The wp-vcd.php malware infects websites chiefly through nulled plugins and themes. Wordfence goes as far as to call it: “the malware you installed on your own site”; which we think is a bit harsh, but it does underscore the danger of nulled software.
11. Brute force attacks
Hackers use bots to bombard your login page with username and password combinations, in order to gain access. This method is known as a brute force attack and can be successful if the passwords are either weak or are the same as ones found in a data breach.
Brute force attacks are not just terrible for security, but also consume your site’s server resources. Every time the login page loads, it requires some resources. Ordinarily, the disk usage is negligible, so it doesn’t affect the performance noticeably. But brute force bots hammer the login page at the rate of several hundred—if not a thousand—times per minute. If your site is on shared hosting, there will be noticeable consequences.
The way to counteract brute force attacks is to have bot protection for your website, as well as limit incorrect login attempts. MalCare comes with bot protection built into the security plugin.
You can also enable CAPTCHA on your login page. You may see advice to hide your login page by changing the default URL, but don’t do this. It is incredibly difficult to retrieve if that URL is lost, and you will be locked out of your website along with the hackers.
12. SQL injection
All WordPress websites have databases that store important information about the website. Things like users, their hashed passwords, posts, pages, and comments are stored in tables and are edited and retrieved regularly by the website files. The database is rarely accessible directly and is controlled by the website files for security.
SQL injections are particularly dangerous attacks because hackers can interact directly with the database. They use forms on your website to insert SQL queries, which allow them to manipulate or read from the database. SQL is the programming language used to make changes to the database, like adding, deleting, modifying, or retrieving data. This is why SQL injection attacks are so dangerous.
The solution is to keep your plugins and themes updated because WordPress security vulnerabilities like insanities input lead to successful SQL injection attacks. Additionally, a good firewall will keep away bad actors from your website.
Cross-site scripting, or XSS, attacks on websites are similar to SQL injections, in that the hacker inserts code into the website. The difference is that the code targets the next visitor on your website, instead of your website database.
In an XSS attack, the malware is added to your website. A visitor comes along, and their browser thinks that the malware is part of your website, and thus the visitor is attacked. Generally, cross-site scripting attacks are used to steal data from unsuspecting visitors.
The way to protect your site visitors is to make sure that XSS vulnerabilities don’t exist on your website. The simplest way to do this is to make sure that your website is fully updated. You can take the security to the next level by installing a WordPress firewall plugin as well.
You may have noticed that many websites now have a green lock near the URL bar. This is a trust badge for the visitor to say that the website is using SSL. SSL is a security protocol that encrypts traffic back and forth from a website.
A good analogy for this is to think of a telephone call. The data passing between two people on the line is intended to stay between them as a private conversation. However, if a third person was able to tap into that line, they would understand the data, and therefore it is no longer private. However, if two original people were to use a code that only they are able to decipher, regardless of how much the third person overhears, the information’s true meaning is hidden from them.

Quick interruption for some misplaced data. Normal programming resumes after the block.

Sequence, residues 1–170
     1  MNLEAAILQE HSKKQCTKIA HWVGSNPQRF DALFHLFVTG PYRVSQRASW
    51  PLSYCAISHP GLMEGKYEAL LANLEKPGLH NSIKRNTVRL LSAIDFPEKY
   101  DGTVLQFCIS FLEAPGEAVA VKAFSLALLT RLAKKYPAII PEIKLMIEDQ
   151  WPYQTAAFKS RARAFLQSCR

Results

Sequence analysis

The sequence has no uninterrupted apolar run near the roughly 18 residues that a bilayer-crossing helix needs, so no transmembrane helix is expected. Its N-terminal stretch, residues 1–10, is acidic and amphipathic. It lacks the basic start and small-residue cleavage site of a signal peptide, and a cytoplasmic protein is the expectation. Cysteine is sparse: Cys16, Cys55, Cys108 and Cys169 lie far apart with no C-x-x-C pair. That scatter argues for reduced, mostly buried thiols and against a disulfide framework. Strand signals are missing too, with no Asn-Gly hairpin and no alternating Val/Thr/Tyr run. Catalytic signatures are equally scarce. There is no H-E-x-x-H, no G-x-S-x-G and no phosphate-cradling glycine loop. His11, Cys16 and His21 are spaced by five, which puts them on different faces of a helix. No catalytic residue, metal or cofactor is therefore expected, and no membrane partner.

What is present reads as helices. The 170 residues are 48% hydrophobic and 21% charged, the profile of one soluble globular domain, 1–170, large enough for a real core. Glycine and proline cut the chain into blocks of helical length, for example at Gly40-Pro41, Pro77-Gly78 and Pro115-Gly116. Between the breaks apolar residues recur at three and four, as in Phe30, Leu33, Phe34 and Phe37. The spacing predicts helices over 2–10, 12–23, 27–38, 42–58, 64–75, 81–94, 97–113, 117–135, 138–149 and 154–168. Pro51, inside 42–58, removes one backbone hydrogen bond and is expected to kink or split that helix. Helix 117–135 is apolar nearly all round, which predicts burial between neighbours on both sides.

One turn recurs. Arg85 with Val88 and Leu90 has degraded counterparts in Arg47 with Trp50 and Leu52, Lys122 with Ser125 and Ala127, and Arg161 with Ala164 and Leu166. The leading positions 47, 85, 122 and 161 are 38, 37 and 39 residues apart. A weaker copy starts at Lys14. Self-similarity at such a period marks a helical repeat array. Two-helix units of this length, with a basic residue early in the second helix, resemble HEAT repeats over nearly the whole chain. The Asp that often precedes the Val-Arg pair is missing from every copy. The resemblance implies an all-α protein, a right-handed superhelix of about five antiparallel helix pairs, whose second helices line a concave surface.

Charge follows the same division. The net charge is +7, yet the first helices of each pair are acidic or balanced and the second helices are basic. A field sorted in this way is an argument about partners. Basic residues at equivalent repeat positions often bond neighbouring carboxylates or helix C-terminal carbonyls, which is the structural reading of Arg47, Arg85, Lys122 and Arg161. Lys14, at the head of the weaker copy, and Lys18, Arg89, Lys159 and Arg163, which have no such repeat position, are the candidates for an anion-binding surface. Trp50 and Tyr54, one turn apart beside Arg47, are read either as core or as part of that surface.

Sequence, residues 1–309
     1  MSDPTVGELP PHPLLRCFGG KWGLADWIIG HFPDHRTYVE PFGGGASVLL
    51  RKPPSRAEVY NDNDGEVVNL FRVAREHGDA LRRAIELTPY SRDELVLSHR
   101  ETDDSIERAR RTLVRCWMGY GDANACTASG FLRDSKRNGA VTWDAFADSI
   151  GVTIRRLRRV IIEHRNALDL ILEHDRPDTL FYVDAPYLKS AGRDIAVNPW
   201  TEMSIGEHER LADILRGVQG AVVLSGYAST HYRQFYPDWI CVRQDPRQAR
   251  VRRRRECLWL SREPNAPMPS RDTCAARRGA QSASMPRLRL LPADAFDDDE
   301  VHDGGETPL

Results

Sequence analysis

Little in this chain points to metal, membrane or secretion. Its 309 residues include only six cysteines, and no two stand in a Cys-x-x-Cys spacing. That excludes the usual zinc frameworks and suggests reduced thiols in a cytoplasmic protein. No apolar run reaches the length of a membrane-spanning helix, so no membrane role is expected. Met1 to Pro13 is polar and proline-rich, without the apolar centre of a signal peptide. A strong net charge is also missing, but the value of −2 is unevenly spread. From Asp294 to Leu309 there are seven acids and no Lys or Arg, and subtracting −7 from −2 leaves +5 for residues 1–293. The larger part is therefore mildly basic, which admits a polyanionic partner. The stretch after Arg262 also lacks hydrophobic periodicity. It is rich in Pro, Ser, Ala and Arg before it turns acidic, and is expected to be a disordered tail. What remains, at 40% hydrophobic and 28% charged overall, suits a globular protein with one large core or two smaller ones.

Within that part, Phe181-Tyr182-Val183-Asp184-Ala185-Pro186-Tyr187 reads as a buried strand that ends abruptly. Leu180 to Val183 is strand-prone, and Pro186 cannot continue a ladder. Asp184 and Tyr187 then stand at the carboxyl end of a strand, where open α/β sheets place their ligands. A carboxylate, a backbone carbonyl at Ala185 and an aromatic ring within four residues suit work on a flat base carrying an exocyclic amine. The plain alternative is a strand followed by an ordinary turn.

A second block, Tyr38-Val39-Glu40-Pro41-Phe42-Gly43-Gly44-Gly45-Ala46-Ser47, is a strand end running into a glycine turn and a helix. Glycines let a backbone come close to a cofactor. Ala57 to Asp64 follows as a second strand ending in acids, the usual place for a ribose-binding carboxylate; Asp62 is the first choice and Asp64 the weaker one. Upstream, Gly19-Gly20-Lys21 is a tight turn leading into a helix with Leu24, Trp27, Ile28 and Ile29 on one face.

This is how SSL works for websites. It encrypts the data being sent to and from the website, so that sensitive information cannot be read by a third party and used illegitimately.
The Internet as a whole has been moving towards data security and privacy in the recent decade, and SSL has emerged as one of the fundamental ways to achieve that purpose. Even Google strongly advocates for SSL-enabled websites, going as far as to penalize non-SSL websites on their search results.
15. Spam emails being sent from WordPress
Emails are a cornerstone of digital marketing, and it is a way to engage and interact with website visitors. People are also becoming increasingly judicious about the emails they want to receive, so there is an underlying trust that exists.
Given the delicate nature of trust, it is awful to think that a hacker can insert malware into your website and email spam to your visitors. And yet, that is exactly what some malware does. It hijacks the WordPress core function wp_mail() to send out spam emails.
Malware ordinarily causes Google blacklists and web host suspensions, but in the case of spam emails your web host will also blacklist your email service and you will see a bunch of other errors. In fact, if the spammer adds email addresses to your website as well, then you are in danger of having your email blacklisted altogether.
16. Dormant user accounts
Users on a website change constantly. If you run a blog with multiple authors and editors, for instance, chances are that new writers are added to the website often, while older writers leave.
The crux over here are the old user accounts that aren’t removed promptly become a WordPress security issue over time. Because the accounts exist but passwords aren’t updated regularly, they are vulnerable to attack. Dormant user accounts suffer from the same dangers of compromised passwords, so removing any accounts not in active use is necessary housekeeping.
Additionally, it is important to know who is doing what on your website. Unusual or unexpected user actions are an early signal of hacked accounts.